I have written a piece in response to the most recent Theopolis Conversation on the subject of the Trinity in creation.
By leaning into identifying the Logos with God revealed in the singularity of his act (and even declared prior to any act), John immediately chastens any visions of plurality that might give rise to a ‘social Trinity’, for instance, while still maintaining personal differentiation. One consequence of this is the theological load-bearing that prepositional differentiation start to perform from the outset: God’s works are from the Father, through the Son, and in the Spirit (this is also a notable feature of the Apostle Paul’s theological account of Christ’s deity). God’s works are not the collaborative work of a team of different unified agents, but the multiplicity proper to God is such that it is appropriate to represent him as a single purposeful Agent throughout the creation account, as elsewhere in the Scripture…
Read the whole piece here.
Hi Alastair- I have been meaning to write some comments on this post for quite some time, as it brought together a number of points concerning which we differ and which I have not seen other authors raise. It is meant, of course, in the spirit of mutual upbuilding, as your work is consinstently of a very high caliber. Both of us are shaped at a very deep level by the theological and biblical work of James Jordan, Peter Leithart, and the Biblical Horizons/Theopolis network- and I think both of us, as a general rule, are more deferential to what we take to represent normative Christian tradition on this or that issue. So I hope that you find the following to be useful or at least interesting in disagreement and agreement. I hope its length substantively serves its meaning rather than being noise.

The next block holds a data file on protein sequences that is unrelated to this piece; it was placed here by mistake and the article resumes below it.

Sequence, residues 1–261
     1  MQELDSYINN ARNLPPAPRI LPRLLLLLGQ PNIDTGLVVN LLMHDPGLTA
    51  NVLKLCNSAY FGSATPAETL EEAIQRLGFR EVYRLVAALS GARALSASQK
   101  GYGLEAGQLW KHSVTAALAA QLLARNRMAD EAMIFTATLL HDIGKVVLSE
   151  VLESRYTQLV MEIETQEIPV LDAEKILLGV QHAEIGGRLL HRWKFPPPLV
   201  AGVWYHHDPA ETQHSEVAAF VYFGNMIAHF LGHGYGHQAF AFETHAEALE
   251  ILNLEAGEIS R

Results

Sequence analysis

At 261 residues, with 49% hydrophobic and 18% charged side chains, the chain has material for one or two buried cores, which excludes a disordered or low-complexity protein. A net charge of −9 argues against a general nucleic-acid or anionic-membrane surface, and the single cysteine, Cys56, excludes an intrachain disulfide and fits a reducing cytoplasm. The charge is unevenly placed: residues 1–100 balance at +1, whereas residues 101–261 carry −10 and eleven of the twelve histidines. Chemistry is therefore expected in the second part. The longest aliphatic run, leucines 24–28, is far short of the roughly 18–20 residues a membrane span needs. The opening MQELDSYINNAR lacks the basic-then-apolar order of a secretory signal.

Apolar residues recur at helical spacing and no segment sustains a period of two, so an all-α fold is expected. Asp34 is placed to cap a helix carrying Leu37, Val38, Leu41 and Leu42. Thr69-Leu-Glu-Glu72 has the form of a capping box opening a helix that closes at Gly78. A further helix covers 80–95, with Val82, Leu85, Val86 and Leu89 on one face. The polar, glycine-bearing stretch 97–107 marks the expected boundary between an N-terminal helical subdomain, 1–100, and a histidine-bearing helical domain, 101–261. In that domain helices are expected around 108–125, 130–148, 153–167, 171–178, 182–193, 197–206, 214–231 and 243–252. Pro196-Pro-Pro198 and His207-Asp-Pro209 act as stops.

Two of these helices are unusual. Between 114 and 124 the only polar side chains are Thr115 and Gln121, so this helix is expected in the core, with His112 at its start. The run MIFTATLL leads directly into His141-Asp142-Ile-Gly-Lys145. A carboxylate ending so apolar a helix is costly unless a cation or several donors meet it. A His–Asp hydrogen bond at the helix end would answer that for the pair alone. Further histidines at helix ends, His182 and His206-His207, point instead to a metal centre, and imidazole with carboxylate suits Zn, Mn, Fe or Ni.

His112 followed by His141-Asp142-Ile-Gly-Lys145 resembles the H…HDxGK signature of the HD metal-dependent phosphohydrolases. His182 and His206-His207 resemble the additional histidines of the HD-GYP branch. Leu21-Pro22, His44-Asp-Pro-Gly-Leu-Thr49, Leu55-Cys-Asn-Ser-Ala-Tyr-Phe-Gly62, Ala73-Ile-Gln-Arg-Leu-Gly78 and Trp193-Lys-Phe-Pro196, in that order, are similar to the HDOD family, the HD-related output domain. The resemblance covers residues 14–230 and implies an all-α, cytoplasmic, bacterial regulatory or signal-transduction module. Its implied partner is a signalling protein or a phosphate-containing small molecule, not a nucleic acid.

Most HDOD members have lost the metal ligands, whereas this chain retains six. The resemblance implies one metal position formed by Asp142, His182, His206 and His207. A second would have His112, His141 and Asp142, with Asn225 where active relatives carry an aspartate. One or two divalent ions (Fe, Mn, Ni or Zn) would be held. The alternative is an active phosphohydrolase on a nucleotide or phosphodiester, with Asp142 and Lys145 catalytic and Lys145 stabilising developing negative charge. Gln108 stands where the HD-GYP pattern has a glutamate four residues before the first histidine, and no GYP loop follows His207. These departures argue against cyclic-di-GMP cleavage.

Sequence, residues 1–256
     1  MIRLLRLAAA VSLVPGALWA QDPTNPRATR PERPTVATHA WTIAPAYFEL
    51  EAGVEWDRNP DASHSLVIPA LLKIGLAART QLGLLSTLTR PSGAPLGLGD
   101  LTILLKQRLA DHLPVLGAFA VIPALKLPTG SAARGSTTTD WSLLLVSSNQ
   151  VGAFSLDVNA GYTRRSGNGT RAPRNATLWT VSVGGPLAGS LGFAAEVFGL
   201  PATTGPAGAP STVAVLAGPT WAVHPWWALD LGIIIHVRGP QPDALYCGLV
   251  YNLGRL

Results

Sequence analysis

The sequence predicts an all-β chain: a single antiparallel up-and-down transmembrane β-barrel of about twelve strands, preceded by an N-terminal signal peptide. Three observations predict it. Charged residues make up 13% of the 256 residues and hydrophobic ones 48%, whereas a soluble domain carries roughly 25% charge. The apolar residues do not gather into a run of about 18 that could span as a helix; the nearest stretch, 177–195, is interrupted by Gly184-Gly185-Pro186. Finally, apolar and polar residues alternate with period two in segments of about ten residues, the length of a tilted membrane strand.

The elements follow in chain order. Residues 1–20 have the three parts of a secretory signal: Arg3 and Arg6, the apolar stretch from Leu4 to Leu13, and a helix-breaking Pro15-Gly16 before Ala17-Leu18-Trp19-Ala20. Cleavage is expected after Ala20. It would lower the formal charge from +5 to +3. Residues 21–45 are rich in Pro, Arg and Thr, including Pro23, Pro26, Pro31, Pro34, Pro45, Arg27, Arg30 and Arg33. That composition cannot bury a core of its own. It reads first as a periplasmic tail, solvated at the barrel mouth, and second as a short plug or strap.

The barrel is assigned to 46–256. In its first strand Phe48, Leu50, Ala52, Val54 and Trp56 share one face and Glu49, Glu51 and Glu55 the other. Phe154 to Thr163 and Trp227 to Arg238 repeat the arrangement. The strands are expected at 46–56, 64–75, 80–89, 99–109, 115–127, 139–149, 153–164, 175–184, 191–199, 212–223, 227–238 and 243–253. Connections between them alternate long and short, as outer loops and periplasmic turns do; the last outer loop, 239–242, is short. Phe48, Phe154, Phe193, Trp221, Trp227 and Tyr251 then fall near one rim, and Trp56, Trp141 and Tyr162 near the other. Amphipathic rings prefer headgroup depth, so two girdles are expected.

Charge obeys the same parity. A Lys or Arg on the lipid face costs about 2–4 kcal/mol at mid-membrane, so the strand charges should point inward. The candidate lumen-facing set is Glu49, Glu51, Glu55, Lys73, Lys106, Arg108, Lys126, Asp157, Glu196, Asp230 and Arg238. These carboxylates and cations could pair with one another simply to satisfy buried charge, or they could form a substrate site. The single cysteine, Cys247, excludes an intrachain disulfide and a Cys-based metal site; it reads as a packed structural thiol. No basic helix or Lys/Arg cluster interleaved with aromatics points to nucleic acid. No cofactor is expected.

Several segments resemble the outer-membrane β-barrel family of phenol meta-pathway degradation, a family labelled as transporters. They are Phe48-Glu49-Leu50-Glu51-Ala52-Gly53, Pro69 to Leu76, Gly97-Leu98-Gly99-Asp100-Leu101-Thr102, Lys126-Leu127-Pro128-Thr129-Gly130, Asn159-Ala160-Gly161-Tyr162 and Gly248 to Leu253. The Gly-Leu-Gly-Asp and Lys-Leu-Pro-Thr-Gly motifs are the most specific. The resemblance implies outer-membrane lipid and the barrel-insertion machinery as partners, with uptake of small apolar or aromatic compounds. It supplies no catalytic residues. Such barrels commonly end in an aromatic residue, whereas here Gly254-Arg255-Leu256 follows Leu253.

1. I agree that the divine council is relevant to the text in Genesis 1, but I think the trinitarian reality is distinctly present as the basis for that council- after all, that God’s creative self-extension into contingent being should take conciliar form is itself an aspect of natural revelation in creation. The typical language used to describe the council is also suggestive: “sons” of God being the most clearly trinitarian. Proverbs 8:22ff summarizes the narrative of the creation week through the lens of “Wisdom” – the word in 8:22 means, I think, “begotten” and thus links the beginning of Proverbs (addressed to a son who is called to become wise) and the end (asking whether the reader has the wisdom to know the Name of God and of His Son). Within Genesis itself, God’s first-person speech is often used explicitly where God is addressing Himself. Most clearly is Genesis 8:21-22 where God addresses Himself “in His heart.” That the text narrates a divine verdict sets it in the context of the heavenly court (especially in view of the judgment-scene in Genesis 6, where God “sees”, pronounces the world “not good”, and decrees judgment) confirms this intuition. That God alone is specified as the active agent of man’s creation seems to me to suggest that this is to be taken according to a trinitarian nuance. God speaks in His own trinitarian life, creating Man as a corporate organism (the name belongs, through Genesis 5:1-2) to the single image which is the human family which is a plural unity- male, female, and begetting children. Genesis 4:1-2 shows God as the divine Begetter, a major theme in Genesis that is again stated explicitly in Genesis 14 where He is the “Begetter of Heaven and Earth.”